Wednesday, May 03, 2006

The battle against CO2

In an attempt to look important but accomplish little, "The nation's largest beverage distributors have agreed to halt nearly all sales of sodas to public schools _ a step that will remove the sugary, caloric drinks from vending machines and cafeterias around the country." Or will it? The deal still allows juices (which have as much sugar in their unsweetened form as sodas already have) and sports drinks (where Coca-Cola owned PowerAde has about as much sugar in it as a regular cola and Gatorade has only slightly less sugar than that). At least those vending machines will look a whole lot healthier to the folks who don't bother reading nutrition facts. At least they showed that CO2 who's boss!

13 comments:

Patrick Armstrong said...

To hell with their rules. All Southern public schools should serve four drinks: lemonade, sweet tea, red kool aid and water.

petallic said...

Skippy, Pat. My school is 3 for 4! No red Kool Aid, but we do serve a couple different varieties of milk (plain, vanilla, skim, chocolate, strawberry, but no soy yet).

Dante said...

I'd be proud of any school that adopted the Pat drink policy. My elementary school in Texas was close with milk, water, Country Time, and Hawaiin Punch. I just get riled up when these companies start making nutrition decisions based on perception instead of fact. If you want to get down to facts, a ginger ale would be better for most of those kids than a sports drink. Since PE is all but forgotten in today's school system, those nutrients found in the sports drink will just flush right through their system with no effect whatsoever. At least the ginger ale would have less sugar and sodium (as long as it's not Schweppes which recently upped their sugar content and tastes like poo now because of it).

patsbrother said...

Dante, you assume kids will buy Powerade at the same levels they currently buy soft drinks, which account for 45% of the sheebang. Many, I assume, will either stop buying altogether, or go for the juice, water or milk. Which is a good thing. Yes, unsweetened juices have a lot of calories, but they also have vitamins no soft drink can purport to contain. Ooo, not all sugars are taken out of the vending machines. Is that really cause to complain?

Dante said...

It is a cause to complain when your stated claim is to reduce sugary and caloric drinks from vending machines. If their stated claim was to increase vitamin intake or decrease caffeine intake, I would completely understand but that's not the stated goal.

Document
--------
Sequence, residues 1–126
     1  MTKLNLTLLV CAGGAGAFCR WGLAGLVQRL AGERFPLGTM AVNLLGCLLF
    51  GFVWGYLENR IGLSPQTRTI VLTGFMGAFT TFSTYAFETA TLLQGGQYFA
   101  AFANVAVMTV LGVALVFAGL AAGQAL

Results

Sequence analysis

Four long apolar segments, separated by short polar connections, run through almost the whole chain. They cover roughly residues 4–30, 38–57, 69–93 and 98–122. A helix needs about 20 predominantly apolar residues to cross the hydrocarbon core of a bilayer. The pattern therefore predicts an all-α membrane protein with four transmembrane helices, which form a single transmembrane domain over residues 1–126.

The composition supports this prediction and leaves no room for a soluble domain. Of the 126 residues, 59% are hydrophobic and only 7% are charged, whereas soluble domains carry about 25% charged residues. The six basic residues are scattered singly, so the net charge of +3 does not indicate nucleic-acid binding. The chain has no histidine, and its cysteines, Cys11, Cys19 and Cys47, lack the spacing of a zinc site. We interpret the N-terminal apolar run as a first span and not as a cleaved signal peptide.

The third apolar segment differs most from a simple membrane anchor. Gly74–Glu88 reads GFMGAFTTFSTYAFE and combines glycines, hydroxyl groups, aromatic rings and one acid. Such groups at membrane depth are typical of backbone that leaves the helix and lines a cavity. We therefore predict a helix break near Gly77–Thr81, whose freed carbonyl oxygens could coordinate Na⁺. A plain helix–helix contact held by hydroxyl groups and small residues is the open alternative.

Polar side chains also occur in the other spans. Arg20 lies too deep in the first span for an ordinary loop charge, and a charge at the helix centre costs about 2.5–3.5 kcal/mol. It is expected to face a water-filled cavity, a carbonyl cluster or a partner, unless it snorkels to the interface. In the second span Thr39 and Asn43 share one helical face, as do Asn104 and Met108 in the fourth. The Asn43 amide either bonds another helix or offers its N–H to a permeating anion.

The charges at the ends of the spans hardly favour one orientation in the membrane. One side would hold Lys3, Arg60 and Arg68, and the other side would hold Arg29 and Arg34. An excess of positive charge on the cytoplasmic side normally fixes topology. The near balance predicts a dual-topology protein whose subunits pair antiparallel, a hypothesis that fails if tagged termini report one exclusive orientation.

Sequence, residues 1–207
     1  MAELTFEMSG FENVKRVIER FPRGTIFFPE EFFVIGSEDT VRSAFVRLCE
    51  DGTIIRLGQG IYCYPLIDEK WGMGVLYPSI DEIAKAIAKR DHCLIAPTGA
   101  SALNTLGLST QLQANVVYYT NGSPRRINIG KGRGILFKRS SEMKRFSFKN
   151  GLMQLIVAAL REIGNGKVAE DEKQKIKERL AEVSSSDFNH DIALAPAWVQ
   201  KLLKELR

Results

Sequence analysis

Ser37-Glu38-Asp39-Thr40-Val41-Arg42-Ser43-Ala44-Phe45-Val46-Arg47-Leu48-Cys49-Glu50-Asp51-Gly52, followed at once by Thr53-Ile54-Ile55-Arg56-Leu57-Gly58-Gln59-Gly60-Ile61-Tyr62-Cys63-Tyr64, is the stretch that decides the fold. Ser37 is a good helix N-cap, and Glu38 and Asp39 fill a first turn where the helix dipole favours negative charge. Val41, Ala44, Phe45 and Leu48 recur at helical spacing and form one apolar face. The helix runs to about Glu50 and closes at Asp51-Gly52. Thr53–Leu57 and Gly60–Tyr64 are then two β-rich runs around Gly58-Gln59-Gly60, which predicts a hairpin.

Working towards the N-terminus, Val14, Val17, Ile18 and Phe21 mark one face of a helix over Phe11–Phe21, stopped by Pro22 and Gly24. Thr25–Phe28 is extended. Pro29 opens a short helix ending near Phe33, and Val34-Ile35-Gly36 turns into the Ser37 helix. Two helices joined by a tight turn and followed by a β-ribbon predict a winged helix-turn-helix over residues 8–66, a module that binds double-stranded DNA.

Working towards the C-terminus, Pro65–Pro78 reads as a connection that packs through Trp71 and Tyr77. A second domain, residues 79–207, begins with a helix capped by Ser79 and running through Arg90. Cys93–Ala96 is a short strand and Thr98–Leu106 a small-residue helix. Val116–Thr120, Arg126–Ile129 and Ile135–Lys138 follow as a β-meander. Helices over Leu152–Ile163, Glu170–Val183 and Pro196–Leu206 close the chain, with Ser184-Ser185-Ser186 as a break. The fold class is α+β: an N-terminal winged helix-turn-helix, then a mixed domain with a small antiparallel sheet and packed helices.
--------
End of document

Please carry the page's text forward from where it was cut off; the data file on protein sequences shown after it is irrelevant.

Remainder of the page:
Are the kids better off? Maybe. They are at least cutting down on caffeine and increasing their vitamin intake. However, most of the popular juice choices (orange, apple, grape) only provide Vitamin C in any meaningful quantity. Vitamin C is not a vitamin people are having a hard time getting enough of elsewhere in their diets. Much like the nutrients in sports drinks, all that Vitamin C is going to go in one end and right out the other.

This whole issue smacks of appearence over substance. It looks to me like the soft drink distributors and schools are (and have been for a while) under pressure to get sugary drinks out of those schools. Instead of doing something about the issue, they are pretending to do something noble when they have really doing not much at all.

petallic said...

Well, let me add another layer to this conundrum. My school currently pulls in anywhere from $5,000-10,000 a month from just "Coke money." That money goes directly into our school. We are able to afford sundry niceties that we would otherwise not.

Dante said...

Petallic has been very kind to make explicit the real reason schools drag their feet at talks of removing soft drinks from their schools. They do use the money made from those vending machines. I'm sure my daily purchase of BBQ Tom's Fritos-lookalikes and apple juice (never have been a big fan of sodas myself) funded something semi-useful at my high school. The school would be fine if the students had to make a sacrifice for the students' health but when it comes to the school making a sacrifice for the students' health, there's a problem. I imagine there would still be smoking areas in high schools for those 18 and over if the schools made a cut of the cigarette money.